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Agricultural Reforms for Sustainable Development

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By Prof HC Purohit

Special attention has been paid to agricultural reforms in the budget presented by the Finance Minister. After independence, India imported food grains for many years, but due to the Green Revolution, scientific inventions and fundamental research in agriculture, today food grains are being exported on a large scale. But, still, there is a need to take very effective steps in the agriculture sector so that the condition of the farmers can be improved and the contribution of agriculture to the country’s GDP can be increased, which has been continuously decreasing since independence. It is the moral responsibility of any democratic government to think in this direction as farming is beneficial to the marginal and small farmers. There has been a churning phase in the country for several decades regarding agricultural reforms and for this many commissions and committees were also constituted from time to time and steps were also taken by the Government on their suggestions but the expected results could not be achieved. The share of the agricultural sector is continuously declining in the GDP. The farmers’ organisations have been demanding guarantee for minimum support price on agricultural produce. Due to the farmers’ movement in the country, the farm laws were withdrawn by the central government. Now, the question is how to take reform steps in this sector? Major livelihood of the population in India is agriculture so it is important from the point of view of economic development. During the Covid-19 pandemic, there was a decline in manufacturing and services sector but there was a growth in the agriculture sector. This has shown the way to realising the dream of self-reliant India. In view of the sustainable growth rate of the agriculture sector, many provisions and programmes were mentioned in the budget for the improvement of the agriculture sector, such as;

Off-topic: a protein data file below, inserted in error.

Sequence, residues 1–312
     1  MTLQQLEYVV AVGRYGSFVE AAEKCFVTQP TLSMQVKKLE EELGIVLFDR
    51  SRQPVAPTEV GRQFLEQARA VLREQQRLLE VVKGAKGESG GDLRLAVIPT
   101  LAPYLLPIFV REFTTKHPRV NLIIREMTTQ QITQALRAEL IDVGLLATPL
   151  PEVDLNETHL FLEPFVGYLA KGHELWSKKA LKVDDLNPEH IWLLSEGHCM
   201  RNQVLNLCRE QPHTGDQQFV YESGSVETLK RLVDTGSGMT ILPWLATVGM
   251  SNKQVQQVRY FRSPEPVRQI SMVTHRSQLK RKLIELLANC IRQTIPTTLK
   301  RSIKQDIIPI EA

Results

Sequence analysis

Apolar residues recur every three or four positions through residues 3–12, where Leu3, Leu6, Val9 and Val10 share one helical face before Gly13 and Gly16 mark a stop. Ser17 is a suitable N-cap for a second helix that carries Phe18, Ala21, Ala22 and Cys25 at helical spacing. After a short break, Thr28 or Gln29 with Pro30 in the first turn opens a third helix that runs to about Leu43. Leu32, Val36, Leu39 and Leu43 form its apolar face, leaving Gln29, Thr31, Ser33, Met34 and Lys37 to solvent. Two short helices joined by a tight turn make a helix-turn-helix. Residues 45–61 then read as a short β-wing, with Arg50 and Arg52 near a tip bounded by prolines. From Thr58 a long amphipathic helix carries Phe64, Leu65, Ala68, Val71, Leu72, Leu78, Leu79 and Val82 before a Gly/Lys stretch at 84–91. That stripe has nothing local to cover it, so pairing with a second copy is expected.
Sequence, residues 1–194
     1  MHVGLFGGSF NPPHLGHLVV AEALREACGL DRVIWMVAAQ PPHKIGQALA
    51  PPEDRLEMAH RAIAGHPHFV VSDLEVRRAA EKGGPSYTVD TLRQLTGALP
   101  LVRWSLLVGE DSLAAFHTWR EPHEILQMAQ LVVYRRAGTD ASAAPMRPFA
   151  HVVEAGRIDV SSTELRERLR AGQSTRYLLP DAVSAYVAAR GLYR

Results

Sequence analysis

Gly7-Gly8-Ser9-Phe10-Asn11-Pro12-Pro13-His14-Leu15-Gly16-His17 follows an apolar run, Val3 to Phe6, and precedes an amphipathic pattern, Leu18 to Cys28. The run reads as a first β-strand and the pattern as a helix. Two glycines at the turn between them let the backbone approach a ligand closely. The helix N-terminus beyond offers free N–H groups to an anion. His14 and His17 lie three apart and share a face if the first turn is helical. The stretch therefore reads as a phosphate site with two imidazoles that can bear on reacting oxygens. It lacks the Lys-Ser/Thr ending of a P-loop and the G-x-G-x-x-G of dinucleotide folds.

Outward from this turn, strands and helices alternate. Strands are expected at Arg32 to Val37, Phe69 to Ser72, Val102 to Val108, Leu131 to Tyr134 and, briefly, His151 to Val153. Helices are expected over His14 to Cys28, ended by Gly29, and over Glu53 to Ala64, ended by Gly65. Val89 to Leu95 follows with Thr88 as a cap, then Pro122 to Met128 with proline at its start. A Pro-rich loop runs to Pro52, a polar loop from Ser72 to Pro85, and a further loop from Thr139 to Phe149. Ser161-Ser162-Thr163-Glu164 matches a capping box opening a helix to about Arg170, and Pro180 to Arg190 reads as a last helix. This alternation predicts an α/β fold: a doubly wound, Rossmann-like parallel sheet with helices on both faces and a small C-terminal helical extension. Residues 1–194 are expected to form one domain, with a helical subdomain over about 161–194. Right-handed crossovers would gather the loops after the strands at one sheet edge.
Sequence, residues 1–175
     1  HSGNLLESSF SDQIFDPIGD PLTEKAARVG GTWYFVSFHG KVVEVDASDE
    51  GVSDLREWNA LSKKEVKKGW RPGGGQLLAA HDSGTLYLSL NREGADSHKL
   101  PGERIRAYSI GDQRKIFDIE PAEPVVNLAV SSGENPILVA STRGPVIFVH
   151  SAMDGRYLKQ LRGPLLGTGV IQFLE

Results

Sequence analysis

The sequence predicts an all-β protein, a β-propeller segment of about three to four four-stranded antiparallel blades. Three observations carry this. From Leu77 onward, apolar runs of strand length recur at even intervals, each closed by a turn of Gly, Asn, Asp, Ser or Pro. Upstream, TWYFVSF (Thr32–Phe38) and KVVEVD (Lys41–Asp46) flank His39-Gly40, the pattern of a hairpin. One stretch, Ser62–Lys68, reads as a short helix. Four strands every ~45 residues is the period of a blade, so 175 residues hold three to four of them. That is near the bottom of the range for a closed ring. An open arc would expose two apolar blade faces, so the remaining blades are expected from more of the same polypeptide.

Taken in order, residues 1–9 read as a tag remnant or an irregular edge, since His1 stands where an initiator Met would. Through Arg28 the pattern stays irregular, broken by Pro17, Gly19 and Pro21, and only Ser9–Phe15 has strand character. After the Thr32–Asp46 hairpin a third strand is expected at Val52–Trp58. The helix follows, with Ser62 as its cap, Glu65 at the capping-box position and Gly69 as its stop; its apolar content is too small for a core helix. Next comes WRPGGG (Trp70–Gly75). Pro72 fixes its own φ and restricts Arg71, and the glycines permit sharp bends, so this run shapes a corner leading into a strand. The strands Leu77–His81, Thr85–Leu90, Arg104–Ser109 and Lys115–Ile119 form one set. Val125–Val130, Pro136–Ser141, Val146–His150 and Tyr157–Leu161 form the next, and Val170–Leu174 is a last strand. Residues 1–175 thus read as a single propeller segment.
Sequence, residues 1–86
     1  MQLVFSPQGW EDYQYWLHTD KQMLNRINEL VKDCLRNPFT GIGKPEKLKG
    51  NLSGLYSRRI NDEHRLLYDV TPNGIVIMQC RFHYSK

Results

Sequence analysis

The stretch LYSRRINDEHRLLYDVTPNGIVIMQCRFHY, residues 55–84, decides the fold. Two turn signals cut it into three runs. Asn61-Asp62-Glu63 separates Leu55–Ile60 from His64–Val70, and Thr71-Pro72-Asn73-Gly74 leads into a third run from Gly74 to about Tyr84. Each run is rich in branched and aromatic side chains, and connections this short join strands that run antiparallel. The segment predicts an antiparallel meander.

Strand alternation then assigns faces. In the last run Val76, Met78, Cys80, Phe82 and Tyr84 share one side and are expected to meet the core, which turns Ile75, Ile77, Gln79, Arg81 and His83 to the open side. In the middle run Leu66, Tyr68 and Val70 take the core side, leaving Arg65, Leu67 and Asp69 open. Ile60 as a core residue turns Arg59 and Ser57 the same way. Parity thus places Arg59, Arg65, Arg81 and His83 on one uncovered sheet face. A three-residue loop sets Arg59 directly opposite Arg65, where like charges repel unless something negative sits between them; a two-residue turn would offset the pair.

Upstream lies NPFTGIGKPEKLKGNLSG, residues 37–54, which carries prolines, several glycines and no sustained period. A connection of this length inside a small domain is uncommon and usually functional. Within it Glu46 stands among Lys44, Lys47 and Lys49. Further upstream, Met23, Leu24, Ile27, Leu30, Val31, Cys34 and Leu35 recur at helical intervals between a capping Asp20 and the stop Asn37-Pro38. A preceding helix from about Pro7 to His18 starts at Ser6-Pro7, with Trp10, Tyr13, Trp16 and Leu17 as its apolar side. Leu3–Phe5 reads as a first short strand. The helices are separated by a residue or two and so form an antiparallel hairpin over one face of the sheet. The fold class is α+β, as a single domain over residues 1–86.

1- In order to increase production of oilseeds and make the nation self reliant in edible oils, the cultivation of oilseeds and start of the National Edible Oil Mission is a welcome step, further efforts can be made to reduce the exports.

2- Government purchase of paddy and wheat will be done mainly at Minimum Support Price with an amount of Rs 2.37 lakh crore and this amount will be transferred directly to the farmers’ account. This purchase provision will empower the farmers and they will be confident about the sale of their crops. Small and marginal farmers will get relief from Pradhan Mantri Fasal Bima Yojana in case of loss of their crops due to drought, floods or other natural calamities. There will be payment of Kisan Samman amount which will help them in conducting and continuing agricultural work such as ploughing, cultivating, irrigating, procurement of seeds, pesticides, insecticides or other works.

3- In the budget, emphasis has been given to agricultural universities to work together with farmers towards promoting zero budget natural and organic farming and to conduct studies and research on these subjects in the universities; this will lead to better coordination between scientists and farmers and help to improve the condition of the farm sector. Agricultural Universities will be helpful in making the farmers aware of the use of seeds, fertilisers, pesticides and use of the equipment in farming with scientific methods and necessary training to the farmers will help in building capacity and help in conducting agriculture in a scientific and professional manner.